In a previous article, How To Engage Your Newsletter Readers , we went over important factors to consider when you want to keep the people on your hard-earned mailing lists. In this installment, we’ll share 5 of the basic bits of information you can share with them.
Aside from the worry about the time you need to invest in setting up and creating engaging content for your newsletter, even if you think you’re gong to run out of things to share, there are very basic (some may say essential) subjects you can stick to that can help you greatly in keeping your readers reading, and save you work in plotting out what to say.
If you only share information that helps them, the scheduling can be adjusted to whenever you have useful information, like software updates, special offers and ‘Coming Soon’ events. You don’t need to flood your mailing list with updates on everything you’re doing (you can use Twitter for that) and there’s less pressure on keeping to a hard schedule of ‘publication’.
You don’t need to include all the relevant data in your newsletter. You can show a brief summation of the hot issues, and then include a link to the complete article on your website. Result? A shorter, easier-to-read newsletter and more visits to your site.
Remember: Give them what they want, what’s useful, what’s entertaining — in that order.
Your first goal should be to offer useful or interesting information. Your second aim should be to keep it short. Remember. people’s attention spans are shorter today; they want relevant information they can skim quickly and then discard after use.
Spend some time thinking about the best way your information should be presented. You need a format that will be easy to produce. Any one of the following five ideas will make your job easier. You can pick and combine any of the 5 basic elements below to provide the structure of your newsletter. You can also just pick 1 to flesh out and include links to other news, or use 2 or 3 in very brief summaries…there are may ways you can combine and present them so you can avoid getting stale.
1. Tip of the Week
This one speaks for itself. Give yourself an hour with a pad of paper, set the clock, and then think about where you want to go with your business. You want to grow your customer base? How can you do that? What do your customers need, what can you do to help them grow–and go–with you? Jot down your thoughts —make a mind-map.
You can easily brainstorm enough content for months of newsletters. Depending on the frequency you settle on, you can divide the number of newsletters per month and plot them out accordingly. Breaking the process down this way makes it easier, and one way to organize the tip is to explain the problem, maybe give an example, and then offer the tip which will solve it.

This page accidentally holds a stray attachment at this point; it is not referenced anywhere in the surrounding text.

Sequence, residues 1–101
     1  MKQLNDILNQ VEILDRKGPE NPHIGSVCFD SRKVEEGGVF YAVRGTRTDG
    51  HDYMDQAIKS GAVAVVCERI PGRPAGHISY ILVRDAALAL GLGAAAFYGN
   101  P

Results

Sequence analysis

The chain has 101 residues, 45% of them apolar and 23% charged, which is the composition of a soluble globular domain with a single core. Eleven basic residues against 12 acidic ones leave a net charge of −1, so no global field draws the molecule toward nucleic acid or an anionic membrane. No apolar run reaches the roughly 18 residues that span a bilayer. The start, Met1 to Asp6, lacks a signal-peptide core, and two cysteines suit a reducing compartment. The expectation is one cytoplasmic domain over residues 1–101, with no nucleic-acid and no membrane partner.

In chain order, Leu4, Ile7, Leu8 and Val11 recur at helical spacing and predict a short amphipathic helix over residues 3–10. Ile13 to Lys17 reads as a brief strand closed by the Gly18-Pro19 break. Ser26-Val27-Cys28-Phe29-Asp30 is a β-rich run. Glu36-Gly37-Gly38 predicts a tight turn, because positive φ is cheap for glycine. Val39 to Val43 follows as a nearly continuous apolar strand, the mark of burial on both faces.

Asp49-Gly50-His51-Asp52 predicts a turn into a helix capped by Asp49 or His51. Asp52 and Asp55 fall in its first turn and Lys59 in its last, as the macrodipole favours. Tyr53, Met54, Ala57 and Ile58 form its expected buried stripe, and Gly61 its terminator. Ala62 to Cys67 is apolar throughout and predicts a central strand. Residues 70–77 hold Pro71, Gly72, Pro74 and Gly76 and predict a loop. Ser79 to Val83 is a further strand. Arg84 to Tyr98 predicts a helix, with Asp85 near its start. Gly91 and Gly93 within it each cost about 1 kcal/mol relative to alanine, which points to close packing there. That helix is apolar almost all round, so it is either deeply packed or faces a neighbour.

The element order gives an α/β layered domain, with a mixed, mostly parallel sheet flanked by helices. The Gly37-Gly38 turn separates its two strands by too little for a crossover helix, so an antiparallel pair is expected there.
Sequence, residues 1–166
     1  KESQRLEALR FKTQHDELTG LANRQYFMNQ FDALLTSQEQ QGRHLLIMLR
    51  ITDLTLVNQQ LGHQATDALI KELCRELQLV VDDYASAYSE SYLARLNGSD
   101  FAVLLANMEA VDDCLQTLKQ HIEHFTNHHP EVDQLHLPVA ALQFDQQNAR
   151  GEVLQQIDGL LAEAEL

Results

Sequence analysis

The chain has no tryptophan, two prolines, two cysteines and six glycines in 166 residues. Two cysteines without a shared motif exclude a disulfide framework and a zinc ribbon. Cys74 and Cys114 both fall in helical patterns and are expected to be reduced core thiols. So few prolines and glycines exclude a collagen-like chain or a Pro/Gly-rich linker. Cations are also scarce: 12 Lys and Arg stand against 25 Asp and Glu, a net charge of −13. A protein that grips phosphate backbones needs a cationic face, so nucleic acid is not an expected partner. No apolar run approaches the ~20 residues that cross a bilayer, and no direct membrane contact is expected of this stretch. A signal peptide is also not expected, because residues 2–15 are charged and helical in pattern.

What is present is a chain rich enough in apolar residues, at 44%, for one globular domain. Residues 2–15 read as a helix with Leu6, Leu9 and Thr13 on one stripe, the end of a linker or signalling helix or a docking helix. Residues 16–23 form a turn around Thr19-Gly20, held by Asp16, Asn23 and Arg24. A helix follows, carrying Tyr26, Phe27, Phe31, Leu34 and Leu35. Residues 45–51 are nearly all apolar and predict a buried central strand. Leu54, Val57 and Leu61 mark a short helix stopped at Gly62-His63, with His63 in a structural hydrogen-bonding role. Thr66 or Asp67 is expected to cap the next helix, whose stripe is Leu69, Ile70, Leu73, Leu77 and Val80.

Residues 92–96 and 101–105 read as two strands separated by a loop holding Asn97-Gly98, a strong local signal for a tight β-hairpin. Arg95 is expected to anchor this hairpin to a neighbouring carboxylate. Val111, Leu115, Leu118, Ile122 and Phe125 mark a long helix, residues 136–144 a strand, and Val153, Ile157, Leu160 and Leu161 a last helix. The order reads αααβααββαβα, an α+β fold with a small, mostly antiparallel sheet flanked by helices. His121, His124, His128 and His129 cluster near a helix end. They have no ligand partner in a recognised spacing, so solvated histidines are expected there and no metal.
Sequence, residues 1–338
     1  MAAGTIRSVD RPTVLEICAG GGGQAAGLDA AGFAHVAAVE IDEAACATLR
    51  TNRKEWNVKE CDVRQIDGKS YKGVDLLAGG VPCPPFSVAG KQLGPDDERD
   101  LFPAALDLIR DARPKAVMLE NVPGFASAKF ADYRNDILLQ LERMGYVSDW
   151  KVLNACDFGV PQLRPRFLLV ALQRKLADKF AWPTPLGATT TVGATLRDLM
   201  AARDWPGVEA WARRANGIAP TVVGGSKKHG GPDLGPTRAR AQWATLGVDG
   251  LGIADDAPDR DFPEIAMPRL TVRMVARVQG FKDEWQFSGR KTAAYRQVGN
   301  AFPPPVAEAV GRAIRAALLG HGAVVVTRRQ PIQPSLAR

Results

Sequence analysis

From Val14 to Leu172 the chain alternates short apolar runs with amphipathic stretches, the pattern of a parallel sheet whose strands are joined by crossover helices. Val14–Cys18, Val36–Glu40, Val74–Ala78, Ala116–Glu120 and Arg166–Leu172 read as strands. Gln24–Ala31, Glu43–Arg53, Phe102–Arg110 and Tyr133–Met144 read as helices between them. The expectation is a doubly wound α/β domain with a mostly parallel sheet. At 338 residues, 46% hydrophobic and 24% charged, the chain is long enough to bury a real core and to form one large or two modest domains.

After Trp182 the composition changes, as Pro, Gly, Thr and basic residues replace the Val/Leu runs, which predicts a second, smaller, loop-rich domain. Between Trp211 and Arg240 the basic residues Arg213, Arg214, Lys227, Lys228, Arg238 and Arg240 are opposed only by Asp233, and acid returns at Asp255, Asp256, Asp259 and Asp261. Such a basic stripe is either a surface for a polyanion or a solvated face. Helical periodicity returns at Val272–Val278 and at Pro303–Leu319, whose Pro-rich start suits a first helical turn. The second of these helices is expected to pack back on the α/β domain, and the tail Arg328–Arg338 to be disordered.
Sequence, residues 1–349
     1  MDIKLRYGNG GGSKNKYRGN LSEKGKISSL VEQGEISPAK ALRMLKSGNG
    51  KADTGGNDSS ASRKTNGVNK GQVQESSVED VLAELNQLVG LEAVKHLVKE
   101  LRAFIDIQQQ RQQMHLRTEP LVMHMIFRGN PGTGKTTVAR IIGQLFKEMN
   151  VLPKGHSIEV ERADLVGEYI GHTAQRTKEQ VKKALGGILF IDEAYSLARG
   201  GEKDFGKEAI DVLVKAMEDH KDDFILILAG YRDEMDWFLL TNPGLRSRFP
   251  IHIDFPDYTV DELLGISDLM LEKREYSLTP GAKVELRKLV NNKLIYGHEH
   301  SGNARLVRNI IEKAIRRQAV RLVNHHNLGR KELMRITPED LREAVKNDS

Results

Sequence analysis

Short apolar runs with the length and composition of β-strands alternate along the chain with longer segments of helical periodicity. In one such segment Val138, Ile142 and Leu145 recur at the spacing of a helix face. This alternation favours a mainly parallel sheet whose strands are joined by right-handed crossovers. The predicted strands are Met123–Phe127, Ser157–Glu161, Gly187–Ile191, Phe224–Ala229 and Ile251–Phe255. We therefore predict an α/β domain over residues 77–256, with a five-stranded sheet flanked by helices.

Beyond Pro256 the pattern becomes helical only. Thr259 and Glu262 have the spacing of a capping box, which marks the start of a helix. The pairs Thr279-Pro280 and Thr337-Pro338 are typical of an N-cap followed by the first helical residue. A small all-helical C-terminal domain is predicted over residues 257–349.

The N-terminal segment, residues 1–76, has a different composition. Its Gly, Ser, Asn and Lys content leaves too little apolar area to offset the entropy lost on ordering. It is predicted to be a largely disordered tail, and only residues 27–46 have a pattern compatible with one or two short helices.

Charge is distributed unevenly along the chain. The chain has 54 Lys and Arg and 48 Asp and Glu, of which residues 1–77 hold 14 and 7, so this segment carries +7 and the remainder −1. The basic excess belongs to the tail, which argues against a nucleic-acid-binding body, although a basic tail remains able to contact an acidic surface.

2. Top Ten (or 5…) List of ____
This is a time-proven format, and easy to come up with. Just be sure to keep it short – just offer a couple of sentences for each tip, not half a page, because you’re already offering an entire list of them.
3. Three Ways to…
It can be a bit of a challenge sometimes to make a list of ten ways to do things, whereas just three ideas is a breeze. The good thing about a 3 part list is that you can flesh out three ideas in more detail. Alternatively, you can switch the “Top 10 (or 5) ” format with this to keep from boring your readers.
4. Before and After
Like the ‘Tip of the Week’ (in that you present an issue and then provide a resolution) the ‘before and after’ approach really fits case studies, which your readers can relate to better than a dry, hypothetical situation. You can ask for ‘before and after’ examples from readers who are DIY’ers, and then post the main article about it on your website, giving your readers a link to it in you newsletter.
Side note: This is also an excellent chance to actively create a better relationship with your customers and establish even more credibility for your know-how — you can post a link to a “Reader’s Mailbag” issue where you answer their questions.
Lots of people love checklists — ticking off items you’ve accomplished gives you a high like getting a gold star in kindergarten…cool, yeah? There’s nothing like a checklist to make sure you don’t forget a crucial step, which is specially reassuring for amateurs, and they save a lot of time. Start of with a brief introduction, then follow with the checklist, finishing with a few final tips.
Bonus, idea-generating advice: set up an email address just for newsletter sign-ups. Schedule some time to research sites related to your own interests or business, and sign up for their free newsletters. Check your newsletter email to see how the other guys use do their layout and articles. See what you like or don’t like about them, and come up with your own ideas about how your newsletter can be improved.
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